How to Spend $6.5M to Make Your Child Happy Without Bribing a College Official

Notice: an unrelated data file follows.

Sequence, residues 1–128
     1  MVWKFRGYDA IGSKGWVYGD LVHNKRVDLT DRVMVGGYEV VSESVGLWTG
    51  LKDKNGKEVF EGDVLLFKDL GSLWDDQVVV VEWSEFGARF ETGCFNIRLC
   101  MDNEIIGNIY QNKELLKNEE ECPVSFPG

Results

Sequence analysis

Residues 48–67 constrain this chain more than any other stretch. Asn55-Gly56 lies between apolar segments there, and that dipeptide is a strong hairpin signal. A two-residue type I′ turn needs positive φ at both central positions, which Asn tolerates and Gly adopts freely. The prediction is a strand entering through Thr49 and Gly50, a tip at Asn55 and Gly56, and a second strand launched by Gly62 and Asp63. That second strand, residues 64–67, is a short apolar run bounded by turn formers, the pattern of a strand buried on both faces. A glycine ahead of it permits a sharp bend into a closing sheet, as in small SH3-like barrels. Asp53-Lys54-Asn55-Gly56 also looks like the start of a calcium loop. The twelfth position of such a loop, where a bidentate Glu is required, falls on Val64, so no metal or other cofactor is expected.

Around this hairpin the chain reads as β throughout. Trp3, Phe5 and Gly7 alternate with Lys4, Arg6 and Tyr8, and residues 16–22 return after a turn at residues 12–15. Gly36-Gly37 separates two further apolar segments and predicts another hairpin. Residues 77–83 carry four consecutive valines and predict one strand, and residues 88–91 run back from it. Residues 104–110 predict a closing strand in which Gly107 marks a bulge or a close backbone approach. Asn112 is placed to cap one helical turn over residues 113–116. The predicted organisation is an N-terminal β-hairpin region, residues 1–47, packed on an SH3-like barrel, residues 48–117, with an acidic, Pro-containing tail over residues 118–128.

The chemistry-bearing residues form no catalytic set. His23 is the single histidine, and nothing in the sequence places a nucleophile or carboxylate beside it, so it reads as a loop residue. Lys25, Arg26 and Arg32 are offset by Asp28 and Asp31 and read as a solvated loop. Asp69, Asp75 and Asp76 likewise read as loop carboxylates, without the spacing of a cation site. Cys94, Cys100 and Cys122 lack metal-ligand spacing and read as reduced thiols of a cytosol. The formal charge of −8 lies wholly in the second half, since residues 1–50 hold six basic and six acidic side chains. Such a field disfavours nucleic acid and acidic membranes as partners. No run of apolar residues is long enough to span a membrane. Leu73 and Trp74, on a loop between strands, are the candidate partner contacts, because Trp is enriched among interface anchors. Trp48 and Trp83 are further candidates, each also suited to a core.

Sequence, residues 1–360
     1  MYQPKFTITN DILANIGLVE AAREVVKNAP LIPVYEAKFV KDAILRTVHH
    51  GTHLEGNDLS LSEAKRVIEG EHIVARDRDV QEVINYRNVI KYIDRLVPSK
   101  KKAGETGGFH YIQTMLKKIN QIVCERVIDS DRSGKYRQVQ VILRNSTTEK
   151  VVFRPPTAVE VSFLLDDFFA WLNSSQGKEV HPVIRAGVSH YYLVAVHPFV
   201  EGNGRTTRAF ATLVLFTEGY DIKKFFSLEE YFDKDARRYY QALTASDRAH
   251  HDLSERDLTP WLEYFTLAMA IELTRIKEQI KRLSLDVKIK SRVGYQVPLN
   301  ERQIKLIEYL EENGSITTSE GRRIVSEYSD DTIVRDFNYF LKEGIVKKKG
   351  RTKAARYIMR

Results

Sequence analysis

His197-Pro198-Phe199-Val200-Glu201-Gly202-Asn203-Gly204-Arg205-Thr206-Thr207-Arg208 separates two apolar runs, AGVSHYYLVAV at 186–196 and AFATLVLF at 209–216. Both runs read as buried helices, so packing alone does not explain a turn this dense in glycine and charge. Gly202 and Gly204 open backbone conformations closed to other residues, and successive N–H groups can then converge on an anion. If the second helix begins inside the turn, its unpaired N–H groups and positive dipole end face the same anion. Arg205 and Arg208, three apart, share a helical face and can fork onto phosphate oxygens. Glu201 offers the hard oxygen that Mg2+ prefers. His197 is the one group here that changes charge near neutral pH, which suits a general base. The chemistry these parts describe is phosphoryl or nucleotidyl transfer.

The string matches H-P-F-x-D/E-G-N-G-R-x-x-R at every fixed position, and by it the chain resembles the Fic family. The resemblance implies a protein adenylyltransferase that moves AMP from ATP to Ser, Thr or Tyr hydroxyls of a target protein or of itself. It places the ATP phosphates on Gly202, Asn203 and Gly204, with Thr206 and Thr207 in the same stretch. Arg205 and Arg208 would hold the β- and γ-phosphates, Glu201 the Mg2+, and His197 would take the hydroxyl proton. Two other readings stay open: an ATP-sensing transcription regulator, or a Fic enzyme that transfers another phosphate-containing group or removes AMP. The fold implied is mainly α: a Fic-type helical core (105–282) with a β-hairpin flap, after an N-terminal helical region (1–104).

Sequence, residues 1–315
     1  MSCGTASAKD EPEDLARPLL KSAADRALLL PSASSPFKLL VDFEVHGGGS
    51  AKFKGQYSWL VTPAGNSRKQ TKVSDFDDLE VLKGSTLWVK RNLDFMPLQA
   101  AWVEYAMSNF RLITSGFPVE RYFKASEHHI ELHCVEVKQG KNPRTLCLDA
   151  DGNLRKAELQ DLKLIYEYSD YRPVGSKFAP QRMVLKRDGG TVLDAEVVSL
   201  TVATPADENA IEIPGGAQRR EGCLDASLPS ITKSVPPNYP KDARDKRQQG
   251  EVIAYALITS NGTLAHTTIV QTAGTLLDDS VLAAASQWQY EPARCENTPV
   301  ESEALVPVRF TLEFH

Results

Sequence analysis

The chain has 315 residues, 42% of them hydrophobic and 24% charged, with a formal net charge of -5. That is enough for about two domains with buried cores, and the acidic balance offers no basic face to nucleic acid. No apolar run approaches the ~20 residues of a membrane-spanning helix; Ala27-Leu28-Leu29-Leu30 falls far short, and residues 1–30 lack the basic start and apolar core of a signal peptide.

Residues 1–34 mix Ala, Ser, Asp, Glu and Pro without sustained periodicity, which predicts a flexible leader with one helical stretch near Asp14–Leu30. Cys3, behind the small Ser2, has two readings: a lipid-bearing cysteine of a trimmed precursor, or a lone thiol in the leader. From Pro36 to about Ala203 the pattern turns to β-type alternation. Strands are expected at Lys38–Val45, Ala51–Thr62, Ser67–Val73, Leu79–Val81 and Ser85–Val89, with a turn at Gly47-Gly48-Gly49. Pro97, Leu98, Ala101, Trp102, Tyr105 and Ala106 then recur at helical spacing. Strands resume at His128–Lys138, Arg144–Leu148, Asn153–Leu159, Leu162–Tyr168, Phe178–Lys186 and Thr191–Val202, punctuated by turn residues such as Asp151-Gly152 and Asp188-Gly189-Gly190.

The nation was hit last week with the flabbergasting news that rich people can pay to get their kids into fancy colleges. An FBI sting — winkingly named “Operation Varsity Blues” — led to the arrest of 50 people (and a couple of celebrities!) for allegedly sending bribes to academia in order to get their kids into “good” colleges.According to some reports, the bribes even included one family purportedly spending $6.5 million for a college admission, which surely reflects poorly on their kid’s SAT score, the parent’s financial sense and the value of a “prestigious” university education.Sure, if you want a seat on the U.S. Supreme Court, Ivy League seems to be a requirement. But having to bribe your way into the University of San Diego (also allegedly part of the scandal) doesn’t bode well for your chances at future success.But maybe we’re jumping to conclusions. More realistic than people throwing obscene amounts of money to get their kids into Stanford and Yale, perhaps it was a real-life Brewster’s Millions scenario: Maybe the family had to spend a gob of money with nothing to show for it in order to become eligible for an even larger inheritance.That makes more sense, but alternate spending sprees might be even more practical: Buy the kid a small business. How about a newspaper? According to an Associated Press analysis of data compiled by the University of North Carolina, during the past 15 years, more than 1,400 towns — mostly in rural and low-income areas — have lost their local newspapers. Give the kid a purpose. Or for the same money, why not just found a junior college somewhere? The kid can serve as president while still taking Comp and Rhetoric 1331. And you could set the, ah, appropriate admissions standards. Of course, you may be looking for something less serious, like an education at the University of Southern California. That’s where Olivia Jade, the scion of actress Lori Loughlin and designer Mossimo Giannulli, attends after a large alleged bribe by her parents. Jade returned the favor by posting a video online explaining that she has little interest in actually going to class. So, how about $6.5 million in lottery scratchers? These are supposedly fun, and they might consume four years (and a roll of quarters). Heck, just send the kid to Arizona State and hand over the balance to pay for requisite kegs of beer. The parents actually found a neat work-around to college acceptance: allegedly bribing schools and coaches to consider their offspring as recruited student-athletes, thereby lowering the admission standards. Never mind that many of the kids never participated in the sport for which they were, um, recruited. And never mind that we now have official confirmation that athletes get special treatment. Perhaps the parents should have just paid for tennis or rowing lessons.Hidden in the brouhaha over such managed college applications, though, is the value put on such an education anyway.  Continue reading...

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